Taiwan’s life insurers have refrained from aggressively building up their reserve to protect against foreign exchange volatility introduced in March last year, reflecting limited desires and flexibility to alter hedging strategies, according to Taiwan Ratings Corp (中華信評), Standard & Poor’s local arm.
The reserve pool accounts for a mere 0.38 percent of domestic life insurers’ overseas investments as of September last year, down from 0.5 percent in March the same year, when they were first allowed to set aside the fund, the ratings agency said.
“Until the fund grows substantially, it can provide only marginal support to insurers’ bottom lines,” Taiwan Ratings’ credit analyst Patty Wang (王珮齡) said, attributing the drop in reserves to rapid growth in overseas investments.
The reserve fund is intended to counter the negative impact of severe foreign exchange fluctuations on their assets.
The slow build-up of reserves indicates that domestic life insurers may keep their prudent hedging strategies unchanged in the coming one to two years, Wang said, adding that they are generally exposed to higher foreign exchange risks than regional peers because of their large overseas exposure and higher rate of currency-mismatch problems.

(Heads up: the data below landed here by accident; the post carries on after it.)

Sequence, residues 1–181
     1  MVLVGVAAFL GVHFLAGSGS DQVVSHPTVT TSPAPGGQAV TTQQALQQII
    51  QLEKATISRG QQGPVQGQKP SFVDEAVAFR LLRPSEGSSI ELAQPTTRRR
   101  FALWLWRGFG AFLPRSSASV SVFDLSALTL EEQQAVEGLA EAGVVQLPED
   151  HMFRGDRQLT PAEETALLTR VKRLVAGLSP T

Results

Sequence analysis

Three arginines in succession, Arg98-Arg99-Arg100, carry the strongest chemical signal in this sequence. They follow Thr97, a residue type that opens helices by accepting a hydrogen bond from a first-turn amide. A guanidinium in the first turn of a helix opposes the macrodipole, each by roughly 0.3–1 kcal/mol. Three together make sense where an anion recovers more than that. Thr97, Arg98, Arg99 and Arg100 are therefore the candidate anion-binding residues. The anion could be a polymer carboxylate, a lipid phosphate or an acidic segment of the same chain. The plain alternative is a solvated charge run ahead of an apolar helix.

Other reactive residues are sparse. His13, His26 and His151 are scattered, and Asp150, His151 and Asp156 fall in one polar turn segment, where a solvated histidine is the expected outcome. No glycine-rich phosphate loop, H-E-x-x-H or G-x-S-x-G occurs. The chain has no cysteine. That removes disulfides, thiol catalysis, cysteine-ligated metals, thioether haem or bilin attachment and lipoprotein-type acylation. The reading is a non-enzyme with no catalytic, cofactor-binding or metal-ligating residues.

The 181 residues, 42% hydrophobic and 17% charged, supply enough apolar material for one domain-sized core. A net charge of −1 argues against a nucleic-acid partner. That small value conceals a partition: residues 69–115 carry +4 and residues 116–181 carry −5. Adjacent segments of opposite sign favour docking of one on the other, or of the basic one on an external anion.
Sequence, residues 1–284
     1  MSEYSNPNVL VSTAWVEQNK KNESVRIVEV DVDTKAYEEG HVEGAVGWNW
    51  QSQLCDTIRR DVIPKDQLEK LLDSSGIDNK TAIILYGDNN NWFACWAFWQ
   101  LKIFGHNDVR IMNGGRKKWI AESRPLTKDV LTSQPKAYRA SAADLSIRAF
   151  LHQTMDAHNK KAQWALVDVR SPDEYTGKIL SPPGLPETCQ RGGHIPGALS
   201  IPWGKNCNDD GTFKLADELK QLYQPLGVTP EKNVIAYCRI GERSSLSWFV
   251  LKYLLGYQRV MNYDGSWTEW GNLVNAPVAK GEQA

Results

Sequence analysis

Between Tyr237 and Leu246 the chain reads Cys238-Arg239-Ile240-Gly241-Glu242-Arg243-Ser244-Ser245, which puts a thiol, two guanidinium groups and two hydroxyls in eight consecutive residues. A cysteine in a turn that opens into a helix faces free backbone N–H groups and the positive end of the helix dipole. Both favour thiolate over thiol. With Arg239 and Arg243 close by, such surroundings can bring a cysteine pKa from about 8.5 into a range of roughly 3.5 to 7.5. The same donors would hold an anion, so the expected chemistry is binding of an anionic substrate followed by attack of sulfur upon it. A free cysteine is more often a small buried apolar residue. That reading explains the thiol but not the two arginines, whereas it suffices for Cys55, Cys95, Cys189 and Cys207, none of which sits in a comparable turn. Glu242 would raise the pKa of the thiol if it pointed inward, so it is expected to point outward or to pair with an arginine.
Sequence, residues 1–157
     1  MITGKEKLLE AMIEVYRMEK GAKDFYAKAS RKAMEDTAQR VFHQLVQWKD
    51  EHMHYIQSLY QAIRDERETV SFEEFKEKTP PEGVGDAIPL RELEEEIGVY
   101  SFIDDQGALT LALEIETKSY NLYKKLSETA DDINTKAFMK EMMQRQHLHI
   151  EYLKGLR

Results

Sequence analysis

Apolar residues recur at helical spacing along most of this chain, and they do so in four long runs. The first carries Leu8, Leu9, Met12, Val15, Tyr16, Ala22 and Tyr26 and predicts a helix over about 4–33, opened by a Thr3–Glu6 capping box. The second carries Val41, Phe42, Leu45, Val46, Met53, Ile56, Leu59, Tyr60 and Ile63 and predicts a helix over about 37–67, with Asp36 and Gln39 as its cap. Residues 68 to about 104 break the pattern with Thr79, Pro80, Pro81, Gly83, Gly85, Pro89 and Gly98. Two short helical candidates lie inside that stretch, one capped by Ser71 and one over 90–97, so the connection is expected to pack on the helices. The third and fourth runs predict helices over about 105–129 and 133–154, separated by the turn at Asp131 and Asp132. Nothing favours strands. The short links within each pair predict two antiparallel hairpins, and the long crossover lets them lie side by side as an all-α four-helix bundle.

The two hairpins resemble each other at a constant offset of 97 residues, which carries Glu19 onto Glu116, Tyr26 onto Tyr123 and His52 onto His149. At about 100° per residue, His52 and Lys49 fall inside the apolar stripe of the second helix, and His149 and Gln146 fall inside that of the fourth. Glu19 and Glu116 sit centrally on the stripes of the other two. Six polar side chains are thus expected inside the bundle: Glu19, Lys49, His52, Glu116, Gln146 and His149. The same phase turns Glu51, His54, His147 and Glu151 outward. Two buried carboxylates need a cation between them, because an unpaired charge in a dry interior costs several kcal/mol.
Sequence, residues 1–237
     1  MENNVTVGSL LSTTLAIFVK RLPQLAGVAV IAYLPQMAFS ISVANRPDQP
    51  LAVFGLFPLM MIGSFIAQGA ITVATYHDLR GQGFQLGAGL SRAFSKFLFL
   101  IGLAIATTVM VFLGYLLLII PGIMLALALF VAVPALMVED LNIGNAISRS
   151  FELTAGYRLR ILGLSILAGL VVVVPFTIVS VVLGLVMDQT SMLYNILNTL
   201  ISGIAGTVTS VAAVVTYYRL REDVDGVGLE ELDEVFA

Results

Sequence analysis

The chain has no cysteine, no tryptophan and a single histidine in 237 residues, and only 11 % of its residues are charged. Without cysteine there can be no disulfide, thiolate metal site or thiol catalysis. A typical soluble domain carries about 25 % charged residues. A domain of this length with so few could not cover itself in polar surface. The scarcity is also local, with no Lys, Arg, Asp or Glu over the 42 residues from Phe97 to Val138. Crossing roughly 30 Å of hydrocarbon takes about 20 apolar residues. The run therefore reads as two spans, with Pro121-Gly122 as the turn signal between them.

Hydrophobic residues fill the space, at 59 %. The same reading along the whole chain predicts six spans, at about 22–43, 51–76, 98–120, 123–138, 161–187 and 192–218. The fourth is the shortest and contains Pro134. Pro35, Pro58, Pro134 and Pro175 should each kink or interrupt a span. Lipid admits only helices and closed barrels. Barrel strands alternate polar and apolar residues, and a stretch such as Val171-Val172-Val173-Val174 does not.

“We don’t expect the pool to expand rapidly in the near future unless insurers are willing to sacrifice their earnings to make additional provisions,” Wang said.
The small reserve pool restricts hedging flexibility and life insurers are unlikely to lower their hedged positions drastically to save hedging costs in the absence of a strong foreign exchange buffer, Wang said.
Life insurers would have to substantially increase their foreign exchange reserves if they want to more effectively cushion against foreign exchange losses, Wang said.
Consequently, the use of the reserve may not trigger rating actions in the coming one to two years even though drastic changes in foreign exchange risk-taking behavior will impact credit profiles, Taiwan Ratings said.
The agency has assigned a negative rating outlook on local life insurers because of the sector’s volatile capitalization and lower earnings in comparison with Asian peers.
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